Trot (music)

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Revised RomanizationTeuroteu

Trot (Hangul: 트로트, teuroteu), also known by the onomatopoetic term ppongjjak (Hangul: 뽕짝), is a genre of Korean pop music, known for its use of repetitive rhythm and vocal inflections.[1][2][3] Originating in Korea during Japanese rule in the first half of the 20th century, trot was influenced by many genres of Korean, Japanese, European, and U.S. music.[4]

While trot was popular among young Koreans during Japanese rule, it was considered old-fashioned by the 1990s in South Korea, where K-pop had gained dominance. However, in the 2000s and 2010s, young trot singers including Jang Yun-jeong and Hong Jin-young, and K-pop singers including Super Junior-T, Daesung, and Lizzy, helped renew interest in the genre and popularize it among young listeners.[1][5]


The name "trot" is a shortened form of "foxtrot," a style of ballroom dance that influenced the simple two-beat rhythm of trot music. Trot and foxtrot do not share any other notable characteristics.[6]


Trot is known for often being composed in two-beat rhythm, also known as duple metre.[6] In its early days, trot music was most often composed using the pentatonic scale and minor keys. After Japanese rule, more trot music was composed using the heptatonic scale and major keys.[1] In trot music, lower tones are generally sung with vibrato, while higher tones are sung with a method called kkeongneun sori (Hangul: 꺽는소리), or "breaking throat."[3]

Origins (1910s-1940s)[edit]

Trot music originated in Korea during Japan’s period of colonial rule from 1910 to 1945.[1] According to some scholars, trot's origins can be traced to sijo, a traditional form of Korean poetry. Other scholars assert that trot's closest ancestors were Western popular songs and Japanese enka, translated into Korean and called yuhaeng changga.[3] Singer Yun Sim-deok’s 1926 hit recording "In Praise of Death," an adaptation of a Romanian song, is often regarded as the first yuhaeng changga.[1]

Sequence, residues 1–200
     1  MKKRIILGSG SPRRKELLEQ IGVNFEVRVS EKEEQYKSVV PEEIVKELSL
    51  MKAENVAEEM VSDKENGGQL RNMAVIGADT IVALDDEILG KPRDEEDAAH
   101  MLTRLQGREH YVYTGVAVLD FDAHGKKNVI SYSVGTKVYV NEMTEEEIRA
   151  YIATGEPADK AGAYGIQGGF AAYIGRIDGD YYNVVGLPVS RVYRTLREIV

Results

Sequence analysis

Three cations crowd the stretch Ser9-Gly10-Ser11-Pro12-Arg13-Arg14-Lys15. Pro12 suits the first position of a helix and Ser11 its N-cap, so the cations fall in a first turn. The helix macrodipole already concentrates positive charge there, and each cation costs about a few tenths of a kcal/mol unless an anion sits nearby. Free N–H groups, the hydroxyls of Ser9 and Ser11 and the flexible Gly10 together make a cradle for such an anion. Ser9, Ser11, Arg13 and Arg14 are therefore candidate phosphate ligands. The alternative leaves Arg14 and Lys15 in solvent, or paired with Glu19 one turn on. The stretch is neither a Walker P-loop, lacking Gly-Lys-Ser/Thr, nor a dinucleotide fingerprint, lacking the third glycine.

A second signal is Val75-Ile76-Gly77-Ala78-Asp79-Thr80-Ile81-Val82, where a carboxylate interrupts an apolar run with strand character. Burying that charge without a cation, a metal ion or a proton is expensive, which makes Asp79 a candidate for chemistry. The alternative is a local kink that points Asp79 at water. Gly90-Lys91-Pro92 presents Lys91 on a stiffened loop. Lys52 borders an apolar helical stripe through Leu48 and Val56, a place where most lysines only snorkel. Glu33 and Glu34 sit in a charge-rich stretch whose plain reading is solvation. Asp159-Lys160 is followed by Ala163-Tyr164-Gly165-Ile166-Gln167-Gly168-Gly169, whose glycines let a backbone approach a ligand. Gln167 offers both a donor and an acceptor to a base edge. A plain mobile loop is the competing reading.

In the 1930s, Korean songwriters began composing original popular songs called yuhaengga, meaning "fashionable music." These songs soon acquired a new name, daejung gayo, meaning "popular music." Kim Yong-hwan's 1927 song "Falling Flowers and Flowing Rivers" would become emblematic of this rise in Korean songwriters and composers producing popular songs.[3]

After Japanese rule (1950s-1970s)[edit]

After the end of World War II and Japan’s colonial rule over Korea, trot music began to become more Westernized. The Westernization of trot music was done in part by two reasons: one, the South Korean government’s goal in eradicating the ideological values of communism,[citation needed] and two, South Korean musicians drew on American popular musical trends to appeal to American soldiers stationed in South Korea,[citation needed] as well as to introduce exotic musical effects to South Korean audiences. Female trio singers The Kim Sisters became popular during this time, as their performances drew appeal from American soldiers and audiences, catapulting them to fame when they performed on The Ed Sullivan Show during the 1960s. This period also introduced a number of South Korean musicians to the center such as Lee Mi-ja, Patti Kim, Tae Jin Ah, Na Hoon-a, and Moon Joo-ran.